Mentally ill neglected in poorer countries says WHO: New guide launched

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The World Health Organisation (WHO) are concerned that millions of people in poorer countries struggling with mental health problems are neglected and are often left untreated.

Part of the reason for this says WHO, is lack of knowledge of mental health issues on the part of health professionals, as well as lack of funds to deal with the problem, and of course social stigma that surrounds mental health problems.

“Stigma remains a serious problem, with many cases of human rights violations like chaining or beating experienced by people with mental illness. Mental health problems remain a huge stigma in Nigeria with most people, even families of victims, choosing to ignore them in the hope the problems will simply go away” Reuters quotes Nigeria’s charge d’affaires Cecilia Olufolake Yahaya as saying.

The World Health Organisation wants to address the problems of dealing with mental health issues in poorer countries and have launched the “Mental Health GAP Intervention Guide”.

The guide, which was drawn up by more than 200 experts from around the world, will help doctors and nurses to diagnose and treat not only people suffering from mental health problems such as depression, bipolar, behavioural and developmental disorders, dementia, and psychosis, but also epilepsy and drug and alcohol abuse too.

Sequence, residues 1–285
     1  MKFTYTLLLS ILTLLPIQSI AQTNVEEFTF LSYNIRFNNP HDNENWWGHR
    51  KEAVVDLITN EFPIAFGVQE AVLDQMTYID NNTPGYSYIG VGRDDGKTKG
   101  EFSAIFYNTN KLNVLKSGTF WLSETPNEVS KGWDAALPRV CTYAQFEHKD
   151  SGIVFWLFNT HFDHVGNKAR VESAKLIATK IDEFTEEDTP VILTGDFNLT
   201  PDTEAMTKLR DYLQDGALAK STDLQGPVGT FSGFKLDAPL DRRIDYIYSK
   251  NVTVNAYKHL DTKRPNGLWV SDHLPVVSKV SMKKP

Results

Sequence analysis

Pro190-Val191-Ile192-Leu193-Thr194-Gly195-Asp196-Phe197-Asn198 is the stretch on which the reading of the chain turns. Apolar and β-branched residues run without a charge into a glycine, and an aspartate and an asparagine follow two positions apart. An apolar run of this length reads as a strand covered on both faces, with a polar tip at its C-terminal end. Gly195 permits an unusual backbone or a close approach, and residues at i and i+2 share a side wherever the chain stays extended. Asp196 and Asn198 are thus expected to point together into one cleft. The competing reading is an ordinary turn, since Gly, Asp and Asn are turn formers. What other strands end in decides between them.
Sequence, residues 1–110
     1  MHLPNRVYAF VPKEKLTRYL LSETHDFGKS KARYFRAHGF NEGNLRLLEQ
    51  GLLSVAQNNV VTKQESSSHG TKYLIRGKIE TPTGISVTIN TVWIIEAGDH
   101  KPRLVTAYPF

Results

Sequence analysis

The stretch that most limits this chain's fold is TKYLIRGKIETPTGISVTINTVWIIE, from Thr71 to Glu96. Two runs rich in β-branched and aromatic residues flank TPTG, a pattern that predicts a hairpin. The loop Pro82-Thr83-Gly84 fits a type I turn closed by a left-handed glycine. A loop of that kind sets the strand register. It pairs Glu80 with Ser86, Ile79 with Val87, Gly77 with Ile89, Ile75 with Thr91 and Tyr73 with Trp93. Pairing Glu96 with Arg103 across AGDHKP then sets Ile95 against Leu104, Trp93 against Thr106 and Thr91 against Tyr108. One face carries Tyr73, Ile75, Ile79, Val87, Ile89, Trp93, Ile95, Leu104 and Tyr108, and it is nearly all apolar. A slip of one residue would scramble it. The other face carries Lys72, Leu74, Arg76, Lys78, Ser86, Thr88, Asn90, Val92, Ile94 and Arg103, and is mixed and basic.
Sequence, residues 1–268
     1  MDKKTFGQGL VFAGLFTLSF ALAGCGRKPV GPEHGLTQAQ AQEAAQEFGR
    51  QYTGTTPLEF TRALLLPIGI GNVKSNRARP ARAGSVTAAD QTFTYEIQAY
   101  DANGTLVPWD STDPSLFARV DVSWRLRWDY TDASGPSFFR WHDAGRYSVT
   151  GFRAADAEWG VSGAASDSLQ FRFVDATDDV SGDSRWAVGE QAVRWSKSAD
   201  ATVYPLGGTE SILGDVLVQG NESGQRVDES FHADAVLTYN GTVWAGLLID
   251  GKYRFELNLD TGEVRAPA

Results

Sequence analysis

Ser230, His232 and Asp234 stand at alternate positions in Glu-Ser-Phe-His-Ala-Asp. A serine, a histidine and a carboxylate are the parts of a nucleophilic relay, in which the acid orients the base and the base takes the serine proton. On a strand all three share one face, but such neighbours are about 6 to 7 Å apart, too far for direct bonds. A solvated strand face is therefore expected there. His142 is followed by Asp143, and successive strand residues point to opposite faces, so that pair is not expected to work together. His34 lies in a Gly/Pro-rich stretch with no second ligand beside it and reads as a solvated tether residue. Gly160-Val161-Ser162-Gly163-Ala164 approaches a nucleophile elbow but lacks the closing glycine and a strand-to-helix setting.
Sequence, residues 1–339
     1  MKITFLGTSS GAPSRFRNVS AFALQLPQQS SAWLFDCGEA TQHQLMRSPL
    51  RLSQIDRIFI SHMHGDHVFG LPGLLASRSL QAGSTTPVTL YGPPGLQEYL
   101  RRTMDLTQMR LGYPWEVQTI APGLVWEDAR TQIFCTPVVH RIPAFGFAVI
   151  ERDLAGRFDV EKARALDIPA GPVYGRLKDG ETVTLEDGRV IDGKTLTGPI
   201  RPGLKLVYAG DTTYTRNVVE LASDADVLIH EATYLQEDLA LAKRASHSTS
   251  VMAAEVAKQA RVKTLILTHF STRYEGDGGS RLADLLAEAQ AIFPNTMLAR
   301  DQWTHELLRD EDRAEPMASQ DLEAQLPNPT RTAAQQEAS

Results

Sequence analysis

According to ‘WHO’, improving mental health care in developing countries does not have to be expensive and neither does it have to involve sophisticated equipment and highly trained professionals.

“Efforts to close the mental health gap have been impeded by a widespread assumption that improvements in mental health require sophisticated and expensive technologies, delivered in highly specialised settings by highly specialised staff” said WHO Director General Chan.

“We face a misperception that mental health care is a luxury item on the health agenda. But it costs $2 per person per year — it is one of the best buys” Chan added. Chan is hoping that the new guide will “change the landscape for mental health.”

So what about the stigma?

“Human rights are abused in a large number of countries, developed and developing. In fact it happens more often in specialized care settings than in primary care” Reuters quotes Shekhar Saxena, director of WHO’s department of mental health as saying.

Instead of being treated in specialised hospitals, people can by treated through low cost community services in smaller units by medical assistants says WHO.

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